India: Scene Two — People

31 10 2011

Mostly about people

As I mentioned, things are pretty quiet before 11 am in the cities and then kaboom! People come out of nowhere and everywhere. In Delhi, some people live in apartments stacked one on top of the other like afterthoughts. Some people live in the slums: huts all glued together with the narrowest of footpaths so that, at points, your shoulders barely fit; dark and disorienting and smelling of despair. Some people live on the street, with a bed set up beside their little business, or a mat rolled against the wall. Some sleep on the tiny seat of their rickshaw, legs poking out like sticks. Some sleep sitting up, their hands limp on their laps, their chin resting on their chest with people stepping over them while they snore.

Some live in billion dollar towers.

It is, as we decided, a “land of contrasts.” In every area of Indian life, contrasts, contradictions; puzzles.

At around 11:00 a.m. Delhi hops to its feet and people start bumping into each other. Now the metro cars are stuffed tight, the air in the stations heats up with all those bodies inching their way to their destination, the horns are deafening, filling the streets to over-capacity, shops open and venders appear, and the wheel of the day turns at a maddening pace as people negotiate through it.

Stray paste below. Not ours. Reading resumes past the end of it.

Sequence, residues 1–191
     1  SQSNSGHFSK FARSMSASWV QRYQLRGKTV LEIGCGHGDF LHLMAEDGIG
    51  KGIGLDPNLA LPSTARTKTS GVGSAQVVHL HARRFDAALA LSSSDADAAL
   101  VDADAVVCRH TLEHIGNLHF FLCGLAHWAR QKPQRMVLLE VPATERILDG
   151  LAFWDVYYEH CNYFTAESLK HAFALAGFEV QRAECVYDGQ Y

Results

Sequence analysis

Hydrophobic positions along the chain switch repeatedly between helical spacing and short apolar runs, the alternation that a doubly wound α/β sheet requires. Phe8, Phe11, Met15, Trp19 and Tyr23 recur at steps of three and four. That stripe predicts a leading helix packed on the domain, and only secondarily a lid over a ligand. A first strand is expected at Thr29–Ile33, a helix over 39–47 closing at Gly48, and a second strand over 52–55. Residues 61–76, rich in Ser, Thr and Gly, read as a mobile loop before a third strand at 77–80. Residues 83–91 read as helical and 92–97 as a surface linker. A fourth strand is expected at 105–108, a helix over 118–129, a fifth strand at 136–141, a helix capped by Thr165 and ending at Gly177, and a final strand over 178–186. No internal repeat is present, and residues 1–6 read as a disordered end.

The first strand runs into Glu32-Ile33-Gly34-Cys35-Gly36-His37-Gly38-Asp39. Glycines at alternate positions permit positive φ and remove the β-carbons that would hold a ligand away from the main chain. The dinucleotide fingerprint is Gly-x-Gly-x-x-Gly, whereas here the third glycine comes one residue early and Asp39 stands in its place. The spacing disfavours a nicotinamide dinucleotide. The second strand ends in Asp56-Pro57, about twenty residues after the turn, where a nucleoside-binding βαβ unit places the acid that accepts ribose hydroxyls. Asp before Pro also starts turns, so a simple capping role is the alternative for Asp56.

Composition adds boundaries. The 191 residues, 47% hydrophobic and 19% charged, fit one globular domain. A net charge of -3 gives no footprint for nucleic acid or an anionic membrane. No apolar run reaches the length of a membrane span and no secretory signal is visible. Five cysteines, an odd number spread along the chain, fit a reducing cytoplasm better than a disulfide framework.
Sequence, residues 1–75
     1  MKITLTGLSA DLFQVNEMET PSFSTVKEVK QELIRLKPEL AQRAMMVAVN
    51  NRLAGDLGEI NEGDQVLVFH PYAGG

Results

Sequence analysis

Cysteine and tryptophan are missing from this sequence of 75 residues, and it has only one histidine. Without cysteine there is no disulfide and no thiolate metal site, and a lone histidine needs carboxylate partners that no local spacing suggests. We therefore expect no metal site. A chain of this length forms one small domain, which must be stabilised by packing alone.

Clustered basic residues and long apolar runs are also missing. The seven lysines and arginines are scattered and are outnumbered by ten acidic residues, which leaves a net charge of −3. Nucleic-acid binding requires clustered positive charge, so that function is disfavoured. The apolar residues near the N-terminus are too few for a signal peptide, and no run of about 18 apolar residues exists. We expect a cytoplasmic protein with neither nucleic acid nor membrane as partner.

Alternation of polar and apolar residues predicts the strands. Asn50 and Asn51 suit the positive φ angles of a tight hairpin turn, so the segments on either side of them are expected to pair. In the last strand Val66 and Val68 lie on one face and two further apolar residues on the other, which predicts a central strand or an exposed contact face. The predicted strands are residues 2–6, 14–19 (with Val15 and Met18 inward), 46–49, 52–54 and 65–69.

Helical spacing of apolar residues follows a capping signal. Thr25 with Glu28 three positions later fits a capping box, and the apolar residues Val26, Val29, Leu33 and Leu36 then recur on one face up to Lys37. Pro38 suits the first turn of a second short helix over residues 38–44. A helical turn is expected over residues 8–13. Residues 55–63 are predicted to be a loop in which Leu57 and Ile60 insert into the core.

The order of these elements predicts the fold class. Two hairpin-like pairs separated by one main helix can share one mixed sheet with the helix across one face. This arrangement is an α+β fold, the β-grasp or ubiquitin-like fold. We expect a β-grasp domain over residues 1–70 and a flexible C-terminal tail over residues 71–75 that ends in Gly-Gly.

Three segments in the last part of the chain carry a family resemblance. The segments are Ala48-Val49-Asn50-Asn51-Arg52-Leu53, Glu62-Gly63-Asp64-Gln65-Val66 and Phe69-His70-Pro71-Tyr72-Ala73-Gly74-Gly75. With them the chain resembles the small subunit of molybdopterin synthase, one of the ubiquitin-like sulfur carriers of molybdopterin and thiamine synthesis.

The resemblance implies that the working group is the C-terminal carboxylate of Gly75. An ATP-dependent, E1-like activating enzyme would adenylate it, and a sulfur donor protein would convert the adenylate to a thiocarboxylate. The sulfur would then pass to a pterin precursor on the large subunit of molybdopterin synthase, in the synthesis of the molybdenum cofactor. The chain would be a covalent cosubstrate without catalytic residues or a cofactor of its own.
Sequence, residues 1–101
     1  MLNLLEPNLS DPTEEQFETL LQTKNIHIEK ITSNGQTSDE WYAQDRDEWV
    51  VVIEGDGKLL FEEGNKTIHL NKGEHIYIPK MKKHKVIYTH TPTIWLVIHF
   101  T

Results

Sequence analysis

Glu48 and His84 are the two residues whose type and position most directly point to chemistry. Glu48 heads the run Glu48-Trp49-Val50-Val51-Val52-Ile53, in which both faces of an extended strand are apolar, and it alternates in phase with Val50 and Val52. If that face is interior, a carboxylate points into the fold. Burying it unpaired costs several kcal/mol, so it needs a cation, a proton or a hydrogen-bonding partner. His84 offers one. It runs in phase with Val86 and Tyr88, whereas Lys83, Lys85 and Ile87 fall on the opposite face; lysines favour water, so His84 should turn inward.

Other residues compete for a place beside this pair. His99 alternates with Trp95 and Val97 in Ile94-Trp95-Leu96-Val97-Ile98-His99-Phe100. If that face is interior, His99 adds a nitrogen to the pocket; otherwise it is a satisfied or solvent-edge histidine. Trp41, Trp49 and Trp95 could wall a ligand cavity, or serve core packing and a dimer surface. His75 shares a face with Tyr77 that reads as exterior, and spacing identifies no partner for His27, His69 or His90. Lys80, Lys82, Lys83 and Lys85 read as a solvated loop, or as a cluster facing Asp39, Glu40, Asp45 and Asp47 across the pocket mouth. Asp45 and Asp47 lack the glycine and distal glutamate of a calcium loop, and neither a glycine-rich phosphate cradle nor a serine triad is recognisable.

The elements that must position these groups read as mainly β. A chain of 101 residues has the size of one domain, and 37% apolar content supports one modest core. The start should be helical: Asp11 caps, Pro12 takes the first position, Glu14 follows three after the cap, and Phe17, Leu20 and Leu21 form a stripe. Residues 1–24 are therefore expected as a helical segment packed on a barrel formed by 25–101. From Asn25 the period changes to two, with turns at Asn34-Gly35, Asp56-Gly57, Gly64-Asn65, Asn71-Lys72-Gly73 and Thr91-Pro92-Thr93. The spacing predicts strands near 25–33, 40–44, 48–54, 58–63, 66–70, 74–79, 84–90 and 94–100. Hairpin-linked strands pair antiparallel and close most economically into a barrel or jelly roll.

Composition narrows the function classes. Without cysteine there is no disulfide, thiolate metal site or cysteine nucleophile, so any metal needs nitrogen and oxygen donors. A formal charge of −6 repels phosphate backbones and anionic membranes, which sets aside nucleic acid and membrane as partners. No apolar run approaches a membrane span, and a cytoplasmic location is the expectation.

Faces have names and I try to think about this; 1.1 billion names. Who are they? They are the same as me and different. Same because we are all skin and bone, heart and soul. Different because I have been born in Canada and all its opportunities, and though Indians are intensely proud of their country and many will say it is the “best country, ” when someone’s job in life bears the title “brakes” I am not convinced that it is.

It was in Old Delhi that I saw him, Brakes that is. He was a dusty small man strapped to the front of a cart which carried a heap of sacks filled with what looked like cement mix. Two men pushed the cart and Brakes pulled until an incline and then he dug his heels into the dry packed dirt road to prevent the cart from hitting the car ahead. If it wasn’t so sad it would be comical, this man whose job it is to be the brakes.

With so many people living in this country, they have to find things for people to do, so there are all these random jobs: like the guy who pushes the button on the elevator – that’s it, he just pushes the button; or the three waiters who stand staring at you while you eat, ready to put more rice on your plate; or the guy with the whistle at the Taj Mahal (seriously, I have no idea what he was whistling at) or the man who cleans one small area of marble floor over and over, or the toilet-man who hands out squares of toilet paper all day, or the 10 guys who look at your ticket when you go to the Agra fort, standing a few feet apart, clearly in view of all the other guards who also check your ticket.